BANmovie2You might already support multiple artistic endeavors. Your children’s school performances. The garage bands started by friends and family that get real gigs in bars and restaurants. I still remember the ska band Nice Guy Eddie that was the creation and obsession, for awhile, of my younger son’s friends, who are now my friends. And then there was the grand red carpet opening (and only showing) of my son’s almost complete film, which also featured his friends, Bitch Ass Ninjas: the return of Fatty which we attended in faux furBANmovie1 and a tuxedo.

And of course, when you attend an event you are also supporting the bars and restaurants that have these groups play, which also helps the world.

When the “little things that can change the world” piece on Dance came out, I talked about my friend Misa’s work. She’s now on to bigger things, so if you’re anywhere near Los Angeles or Santa Barbara you might want to look up TURF. My drummer friend Lance, who critiqued that same post, now has his own band Free Speech, based in Cincinnati, which unfortunately I’ve only been able to see a couple of times. And I’m just using this as an example. What are yours? What excuses are you using for not going? They’re playing too late? I don’t go to bars? How dare they charge when they’re amateurs? If you’re playing that last card, I don’t suppose you’ve considered buying their new CD either.

Painting Track 2-Train LateAnd how do you support the visual arts. I can find time to attend events, but I only have so much wall space. Well, artist have events too. While you might not buy, there are openings, receptions, and, yes, shows. My regret is that my awesome friend Jeri is regularly winning pastel honors and being featured in shows, but the closest I ever got to attending one was trekking to downtown New York to see one of her miniatures on exhibit. I’m just not in that part of the world at the right time. My friend Kim has reinvented painting Water of Lifeherself into a successful encaustic artist who is featured in various Colorado galleries. But I can “like” the pieces these artists share on Facebook. I can tell them I’d like to be there for the opening. And I can cheer when one of their pieces is the perfect piece for an award or show or, gasp, just because I love it.

The beautiful cover photo that was on the Spirit Moxie Facebook page through August 2016 (you can see it in the notes below) is by my friend Su White Paper DressYork of Suzanne York Photography who is frantically launching a business with her gorgeous photos (she’s also winning awards), while she continues to be one of the best hair stylists in Cincinnati. Sometimes one can just cheer. I’ve met the incredible Roxana Ramos Cueva — and “liked” the paper installations she’s done throughout South America. Etc.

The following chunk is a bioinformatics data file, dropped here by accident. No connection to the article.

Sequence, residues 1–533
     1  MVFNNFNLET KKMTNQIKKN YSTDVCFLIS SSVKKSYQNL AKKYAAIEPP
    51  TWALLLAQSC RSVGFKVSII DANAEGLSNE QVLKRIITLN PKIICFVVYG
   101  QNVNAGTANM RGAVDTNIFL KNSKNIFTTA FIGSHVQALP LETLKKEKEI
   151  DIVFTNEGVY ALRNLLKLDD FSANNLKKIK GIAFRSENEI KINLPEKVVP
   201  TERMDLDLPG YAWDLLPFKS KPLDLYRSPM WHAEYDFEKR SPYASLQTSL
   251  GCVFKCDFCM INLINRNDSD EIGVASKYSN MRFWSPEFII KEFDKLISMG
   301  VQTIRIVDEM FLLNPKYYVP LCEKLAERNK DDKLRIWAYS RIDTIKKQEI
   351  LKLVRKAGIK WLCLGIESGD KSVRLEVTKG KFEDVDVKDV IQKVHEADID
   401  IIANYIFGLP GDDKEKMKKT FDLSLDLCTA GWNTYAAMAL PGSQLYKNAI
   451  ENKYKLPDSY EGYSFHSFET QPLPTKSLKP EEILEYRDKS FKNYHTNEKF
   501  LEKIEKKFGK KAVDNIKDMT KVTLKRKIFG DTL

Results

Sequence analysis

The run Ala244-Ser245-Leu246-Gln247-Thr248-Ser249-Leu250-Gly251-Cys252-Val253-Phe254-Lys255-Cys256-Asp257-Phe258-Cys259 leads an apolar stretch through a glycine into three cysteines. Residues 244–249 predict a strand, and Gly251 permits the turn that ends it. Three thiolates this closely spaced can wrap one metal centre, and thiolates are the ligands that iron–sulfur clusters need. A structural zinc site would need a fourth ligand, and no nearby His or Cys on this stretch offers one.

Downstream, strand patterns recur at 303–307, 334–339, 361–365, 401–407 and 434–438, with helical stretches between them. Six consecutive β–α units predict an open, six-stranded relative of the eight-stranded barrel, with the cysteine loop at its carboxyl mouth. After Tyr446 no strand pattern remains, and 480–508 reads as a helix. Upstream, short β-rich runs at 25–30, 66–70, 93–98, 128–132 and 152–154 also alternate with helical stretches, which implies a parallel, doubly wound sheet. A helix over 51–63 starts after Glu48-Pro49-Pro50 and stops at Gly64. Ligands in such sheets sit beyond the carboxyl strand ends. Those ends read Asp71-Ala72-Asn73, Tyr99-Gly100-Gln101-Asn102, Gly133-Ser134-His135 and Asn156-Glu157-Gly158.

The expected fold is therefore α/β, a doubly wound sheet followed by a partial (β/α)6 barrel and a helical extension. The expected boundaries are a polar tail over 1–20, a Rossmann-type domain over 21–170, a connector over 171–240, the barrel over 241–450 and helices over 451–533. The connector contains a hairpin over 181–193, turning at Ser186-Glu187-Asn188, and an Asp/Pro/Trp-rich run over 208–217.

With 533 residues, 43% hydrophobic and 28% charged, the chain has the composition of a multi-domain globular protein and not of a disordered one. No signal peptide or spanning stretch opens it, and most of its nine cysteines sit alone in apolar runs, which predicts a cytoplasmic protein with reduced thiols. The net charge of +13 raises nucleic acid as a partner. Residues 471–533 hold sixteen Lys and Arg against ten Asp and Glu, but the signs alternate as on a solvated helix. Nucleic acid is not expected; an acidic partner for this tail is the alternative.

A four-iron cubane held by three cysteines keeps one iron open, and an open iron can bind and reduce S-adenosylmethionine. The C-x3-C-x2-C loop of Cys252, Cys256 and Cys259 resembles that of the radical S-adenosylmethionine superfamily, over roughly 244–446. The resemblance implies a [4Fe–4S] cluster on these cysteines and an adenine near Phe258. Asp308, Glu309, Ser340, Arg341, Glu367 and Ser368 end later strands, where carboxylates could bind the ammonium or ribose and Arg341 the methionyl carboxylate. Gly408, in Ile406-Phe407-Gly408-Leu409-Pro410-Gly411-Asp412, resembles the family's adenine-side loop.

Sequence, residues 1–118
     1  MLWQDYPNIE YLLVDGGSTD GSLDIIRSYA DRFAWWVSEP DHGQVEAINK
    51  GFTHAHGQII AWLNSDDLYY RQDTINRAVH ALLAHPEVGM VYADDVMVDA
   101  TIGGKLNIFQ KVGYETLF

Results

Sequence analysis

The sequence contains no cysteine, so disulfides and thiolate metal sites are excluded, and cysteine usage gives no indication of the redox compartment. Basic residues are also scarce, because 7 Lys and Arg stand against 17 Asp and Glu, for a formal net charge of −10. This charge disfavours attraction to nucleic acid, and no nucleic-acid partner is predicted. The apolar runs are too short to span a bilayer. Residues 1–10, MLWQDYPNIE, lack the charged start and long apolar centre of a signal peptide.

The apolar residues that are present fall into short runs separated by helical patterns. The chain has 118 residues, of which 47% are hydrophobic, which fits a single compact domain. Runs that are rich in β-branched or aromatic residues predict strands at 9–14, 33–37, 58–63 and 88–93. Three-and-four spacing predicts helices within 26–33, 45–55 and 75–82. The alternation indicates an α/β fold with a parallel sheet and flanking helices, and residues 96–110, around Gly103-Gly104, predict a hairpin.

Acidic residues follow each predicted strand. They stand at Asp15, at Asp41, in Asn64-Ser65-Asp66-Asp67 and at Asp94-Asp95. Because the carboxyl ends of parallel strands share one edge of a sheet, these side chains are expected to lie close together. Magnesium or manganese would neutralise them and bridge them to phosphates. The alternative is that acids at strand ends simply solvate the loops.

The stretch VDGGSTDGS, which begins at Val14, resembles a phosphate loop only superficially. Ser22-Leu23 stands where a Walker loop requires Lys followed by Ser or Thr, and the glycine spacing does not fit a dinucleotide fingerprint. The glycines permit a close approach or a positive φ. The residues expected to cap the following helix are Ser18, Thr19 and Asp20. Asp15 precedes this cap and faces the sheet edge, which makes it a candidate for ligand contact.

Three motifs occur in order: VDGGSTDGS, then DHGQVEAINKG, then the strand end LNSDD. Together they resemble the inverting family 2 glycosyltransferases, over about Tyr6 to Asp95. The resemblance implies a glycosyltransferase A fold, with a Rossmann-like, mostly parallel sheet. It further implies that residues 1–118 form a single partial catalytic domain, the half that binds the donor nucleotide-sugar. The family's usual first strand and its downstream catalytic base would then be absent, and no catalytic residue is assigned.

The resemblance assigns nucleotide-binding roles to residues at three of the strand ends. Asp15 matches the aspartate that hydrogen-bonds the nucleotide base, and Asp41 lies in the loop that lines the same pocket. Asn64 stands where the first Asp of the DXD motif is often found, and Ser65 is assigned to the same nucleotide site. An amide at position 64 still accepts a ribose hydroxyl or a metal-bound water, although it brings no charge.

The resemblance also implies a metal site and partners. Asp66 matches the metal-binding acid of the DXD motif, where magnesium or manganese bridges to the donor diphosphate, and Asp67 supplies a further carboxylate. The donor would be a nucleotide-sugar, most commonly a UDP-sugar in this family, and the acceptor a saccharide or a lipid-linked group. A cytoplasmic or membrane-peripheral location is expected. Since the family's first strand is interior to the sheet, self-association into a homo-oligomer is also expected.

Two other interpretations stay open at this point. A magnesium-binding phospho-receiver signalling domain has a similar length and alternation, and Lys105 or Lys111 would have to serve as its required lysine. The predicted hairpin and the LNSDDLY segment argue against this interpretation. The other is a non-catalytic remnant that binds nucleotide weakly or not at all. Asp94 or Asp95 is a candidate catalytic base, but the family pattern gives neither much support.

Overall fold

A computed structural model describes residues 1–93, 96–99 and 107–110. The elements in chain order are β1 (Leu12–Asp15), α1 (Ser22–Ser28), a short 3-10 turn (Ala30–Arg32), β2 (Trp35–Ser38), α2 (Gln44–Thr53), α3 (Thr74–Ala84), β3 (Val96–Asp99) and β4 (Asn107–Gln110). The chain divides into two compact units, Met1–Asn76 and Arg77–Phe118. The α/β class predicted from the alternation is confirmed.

So who are you supporting and how? Every like, every dollar, every purchase, every  puzzled “what were they thinking” or pure moment of simple enjoyment , helps change the world. Trust me on this one. Report in. We can help the world see itself in new and creative ways.

Are you in?


Illustrations from the top:

Brianna Kelly and Friends — Spirit Moxie
Ezra Croft quotation — Spirit Moxie on Canva
20th Century Theatre marquee— Spirit Moxie
Movie Opening — Spirit Moxie
track 2/train late — pastel by Jeri Greenberg, used with permission
Water of LIfe — encaustic monotypes by Kim Roberts, used with permission
Installation in paper by Roxana Ramos Cueva — Gabriela Morales Gonzales

The August 2016 Spirit Moxie cover photo by Suzanne York Photography
view of Cincinnati from Kentucky

Name (a verb)

NametagsWhen I worked in New York a number of years ago, the staff where I worked decided I was important, competent, and interesting. To this day, Delta Airlines knows me as Dr. Sedgwick thanks to a secretary who wrangled my plane reservations. When I worked for a similar organization in another city, the identity I was given was, “Who are you? Prove you’re worthy to work with us.” Needless to say the first position was a lot easier and, actually, more effective for everyone involved.

Naming. How we see each other and verbalize the labels, the ideals, and the perceptions we have about those labels and ideals makes a difference. Perfectly competent adults visit parents and immediately become needy. It’s not just their falling back into codependency or old patterns. Their parents need to be needed. It’s their identity when they are around their children, and so everyone obliges. And we all know how people with serious issues like addictions behave and are wary when we’re around them.

Naming, in my experience, can be positive as well as negative and positive naming makes the world work better and is a lot more useful. It’s important to remember, however, that this isn’t magic, although sometimes it seems as if it is, and that naming doesn’t always work.